The recent finding of a terror plot was definitely great work...but it goes to show it is a learning process where authorities will get it wrong along the way to trying to get it right. Getting emotional, whether positive or negative, is unacceptable..."natural" or not.

curtisstrong

Frederick,

We agree on a substantial amount of things, fair enough. And I really enjoy talking with you about these issues, but we disagree on a lot too. You may think the war was well-intentioned, but I don't. I never thought that. I thought Bush rushed to judgement, and fixed the facts around what he wanted the outcome to be.

I thought that ever since I saw the 60 minutes (I know, I know...but not THAT episode) program talking about Bush's statements on the "aluminum tubes" that you'll remember were supposed to be taylor made for nuclear purposes. Anyway, those tubes, according to the report (and some scientist whose name I don't know) the aluminum tubes had nothing to do with nuclear weapons, and were actually unusable for that purpose. The story also covered Bush talking about some documents that showed Saddam had WMD since some-odd year (1992??). But the head of whatever agency it was that was supposed to have those documents said that he had never heard of them before, and to his knowledge did not exist.

After that, the more I watched Bush and the way he approached the war, the more certain I became that he was determined to go, regardless of what was actually true. When he went to the U.N., he asked FIRST for a declaration of war. He backed off and allowed weapons inspectors to go. They found nothing. Then he told the U.N. in essence to go to hell, and that we were going to fight. It's also curious that Bush I started the fight with Saddam, and Bush II was going to finish it. I'm not a psychologist, but I think it had something to do with it. Disagree if you like.

Then there was the infamous "CHECK INTO IRAQ!" statement made after 9/11. Sure, perhaps he was just trying to be thorough with that, but it adds to the idea that he had Iraq in mind all the time. Then, we went into Afghanistan, and never found Bin Laden. Suddenly, we were all talking about Iraq. That's very strange to me.

Finally, there's the British e-mail that explicitly states the facts were being fixed around the policy. Besides the fact that Bush was lying, saying that he hadn't decided whether to go to war or not, this is very, very bad. I don't ever want to have a president who will do that. I don't want to have a president who will do everything he can to go to war, especially when Bin Laden is still out there somewhere. In sum, I don't think the war was well-intentioned.

Again, Hitler was killing millions of Jews. The opposition in the U.S., like you said, came out of their isolationist policies. However, there was also an anti-semitic sentiment all over the world at that point in history, which, no doubt was included in many of those opposition voices. It's a sad, true story. Jews weren't getting the help they needed, even from those who should have helped.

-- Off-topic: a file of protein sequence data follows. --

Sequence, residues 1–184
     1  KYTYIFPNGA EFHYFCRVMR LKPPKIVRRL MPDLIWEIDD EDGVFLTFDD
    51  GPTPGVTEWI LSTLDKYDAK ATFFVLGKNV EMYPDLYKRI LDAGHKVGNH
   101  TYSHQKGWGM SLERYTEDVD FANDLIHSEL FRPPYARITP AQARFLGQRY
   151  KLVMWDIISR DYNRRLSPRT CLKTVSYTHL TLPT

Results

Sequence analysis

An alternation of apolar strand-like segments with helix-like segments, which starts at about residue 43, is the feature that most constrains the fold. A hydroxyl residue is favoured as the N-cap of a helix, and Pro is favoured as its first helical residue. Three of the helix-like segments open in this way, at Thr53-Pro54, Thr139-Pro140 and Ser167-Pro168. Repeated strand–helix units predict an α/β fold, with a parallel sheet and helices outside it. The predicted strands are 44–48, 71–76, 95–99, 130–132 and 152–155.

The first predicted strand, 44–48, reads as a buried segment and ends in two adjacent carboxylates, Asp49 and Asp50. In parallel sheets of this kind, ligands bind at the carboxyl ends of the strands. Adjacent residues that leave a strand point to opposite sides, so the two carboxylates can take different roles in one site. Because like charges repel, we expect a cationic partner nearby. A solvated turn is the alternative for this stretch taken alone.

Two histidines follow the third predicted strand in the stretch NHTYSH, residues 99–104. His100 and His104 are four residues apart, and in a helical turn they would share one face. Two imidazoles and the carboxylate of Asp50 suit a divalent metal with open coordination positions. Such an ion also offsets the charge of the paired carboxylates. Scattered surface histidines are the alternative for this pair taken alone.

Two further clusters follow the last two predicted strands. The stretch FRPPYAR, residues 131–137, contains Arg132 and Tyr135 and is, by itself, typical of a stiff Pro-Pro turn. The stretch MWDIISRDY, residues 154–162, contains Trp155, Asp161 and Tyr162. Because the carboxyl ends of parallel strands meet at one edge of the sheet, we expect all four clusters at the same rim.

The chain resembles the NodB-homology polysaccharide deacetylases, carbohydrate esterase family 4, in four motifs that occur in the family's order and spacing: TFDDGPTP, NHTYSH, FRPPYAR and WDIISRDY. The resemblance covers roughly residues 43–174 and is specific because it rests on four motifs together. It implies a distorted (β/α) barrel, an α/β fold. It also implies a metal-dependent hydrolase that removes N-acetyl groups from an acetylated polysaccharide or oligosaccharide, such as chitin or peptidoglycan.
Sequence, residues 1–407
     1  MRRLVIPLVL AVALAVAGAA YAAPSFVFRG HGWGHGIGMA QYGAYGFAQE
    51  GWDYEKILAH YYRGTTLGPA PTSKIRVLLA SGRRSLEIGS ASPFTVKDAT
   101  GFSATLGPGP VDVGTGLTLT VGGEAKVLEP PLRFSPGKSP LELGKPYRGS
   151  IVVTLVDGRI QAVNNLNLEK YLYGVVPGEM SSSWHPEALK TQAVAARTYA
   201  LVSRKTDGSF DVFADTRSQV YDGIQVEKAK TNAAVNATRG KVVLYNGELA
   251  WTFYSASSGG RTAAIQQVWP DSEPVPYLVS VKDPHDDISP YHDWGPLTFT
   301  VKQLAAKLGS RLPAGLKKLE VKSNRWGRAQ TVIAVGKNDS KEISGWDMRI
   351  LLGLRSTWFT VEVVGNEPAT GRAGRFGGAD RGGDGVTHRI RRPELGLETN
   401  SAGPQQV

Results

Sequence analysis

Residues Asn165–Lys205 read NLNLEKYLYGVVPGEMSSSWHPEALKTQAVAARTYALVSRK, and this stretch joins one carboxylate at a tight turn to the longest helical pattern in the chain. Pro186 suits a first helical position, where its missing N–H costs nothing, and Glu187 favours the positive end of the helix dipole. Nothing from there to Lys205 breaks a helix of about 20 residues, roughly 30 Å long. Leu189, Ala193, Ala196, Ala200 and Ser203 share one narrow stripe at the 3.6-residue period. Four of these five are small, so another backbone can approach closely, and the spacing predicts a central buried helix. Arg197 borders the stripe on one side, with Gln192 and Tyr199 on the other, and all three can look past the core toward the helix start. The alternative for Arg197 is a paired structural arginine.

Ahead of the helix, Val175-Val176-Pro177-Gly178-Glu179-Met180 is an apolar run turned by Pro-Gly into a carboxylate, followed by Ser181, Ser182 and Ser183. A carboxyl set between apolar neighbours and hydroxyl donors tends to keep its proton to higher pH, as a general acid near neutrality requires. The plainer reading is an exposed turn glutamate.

Saddam was not making any immediate threats at the time of the Iraq war. He was dangerous, yes. But not as dangerous as Hitler. Could he have been? I don't know, but I doubt it. Clinton held him in check for the most part. I think Bush could have done the same, at least for a while...perhaps while he tried to get some new leads on Bin Laden. Anyway, Clinton advocated regime change, but did not invade the country. So the two viewpoints are distinguishable.

Now, you bring up the fact that we owe Iraq more support to establish peace there. I hope we can, Frederick. There were 12,000,000 who voted. There are 23,000,000 in the country. I can't say that all of those who didn't vote are terrorists. I can't say that all of those who did are NOT terrorists. You are correct that democracy will survive based on the Iraqis, but at the same time, it's a bit of a cop-out. How can we reasonably expect a country who has never had a culture of democracy to know how to implement it or protect it, without tearing each other apart? There's a history and a culture of violence and terrorism in the area. Bush thought we'd just swoop in with our superior governmental philosophies and that truth would win out. Well, that's hardly ever the case, and is a bit of a simplistic and naive way to look at things, don't you agree?

Anyway, there are too many people dying there, and it hurts me that we are the cause of it. You can say that the psychos are the cause of it, true enough. But also, our policy of war, and the instability that it brings has given an occasion for these people to run riot. And that sucks. How do we fix that? I don't know...pray, I guess. But we realize that if full-scale civil war breaks out, the U.S. WILL cut-and-run.

As for Korea and Vietnam, I wish I weren't so ignorant, but I just can't say whether I think they are analogous or not. I've never said that Vietnam and Iraq are the same, because I really don't know much about it. I studied it for about a week in high school some time, and that was it. I wasn't alive when it happened, and so I really don't know. Either way, you're not going to hear that comparison from me. "Quagmire" was not a reference to Vietnam, at least I didn't think it was when I wrote it. My gut is that neither Korea nor Vietnam fit the profile (different cultures, different times, different reasons...etc.). But I honestly can't make a qualified comparison, so I'll back off of that one.

curtisstrong

Priscieve,

If you can't get emotional about people dying, you need to see a psychologist.

priscieve

Curtis, hundreds of people are murdered everyday..you must be an emotional wreck reading about Zimbabwe, Aritrea... Or is it that only american death makes you emotional or iraqi deaths or..how do you cope?